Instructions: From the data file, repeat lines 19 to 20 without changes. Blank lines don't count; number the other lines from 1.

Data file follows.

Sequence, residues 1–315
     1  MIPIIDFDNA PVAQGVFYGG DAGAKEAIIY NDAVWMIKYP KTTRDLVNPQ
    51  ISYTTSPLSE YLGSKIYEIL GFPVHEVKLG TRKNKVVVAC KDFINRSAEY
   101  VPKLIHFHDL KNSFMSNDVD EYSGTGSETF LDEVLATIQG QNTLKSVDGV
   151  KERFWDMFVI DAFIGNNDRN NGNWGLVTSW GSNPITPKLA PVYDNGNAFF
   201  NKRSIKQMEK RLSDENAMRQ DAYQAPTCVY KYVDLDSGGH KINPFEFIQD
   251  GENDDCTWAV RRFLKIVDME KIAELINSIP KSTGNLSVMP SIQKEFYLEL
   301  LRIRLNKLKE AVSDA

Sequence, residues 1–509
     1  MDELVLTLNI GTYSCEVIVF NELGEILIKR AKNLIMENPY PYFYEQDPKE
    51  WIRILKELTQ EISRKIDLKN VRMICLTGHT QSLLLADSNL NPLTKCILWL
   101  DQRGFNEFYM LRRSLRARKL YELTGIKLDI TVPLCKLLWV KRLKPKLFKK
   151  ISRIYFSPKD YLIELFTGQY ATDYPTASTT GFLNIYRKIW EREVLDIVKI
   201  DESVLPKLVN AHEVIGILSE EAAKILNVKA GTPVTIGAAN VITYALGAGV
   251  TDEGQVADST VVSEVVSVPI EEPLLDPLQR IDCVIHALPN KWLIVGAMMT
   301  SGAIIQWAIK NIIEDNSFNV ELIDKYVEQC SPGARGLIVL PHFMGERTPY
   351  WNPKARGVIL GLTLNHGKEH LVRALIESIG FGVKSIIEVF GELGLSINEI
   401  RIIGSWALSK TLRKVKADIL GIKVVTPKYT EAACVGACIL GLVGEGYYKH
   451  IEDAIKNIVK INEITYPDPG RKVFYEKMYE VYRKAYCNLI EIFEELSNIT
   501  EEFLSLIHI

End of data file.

   451  IEDAIKNIVK INEITYPDPG RKVFYEKMYE VYRKAYCNLI EIFEELSNIT
   501  EEFLSLIHI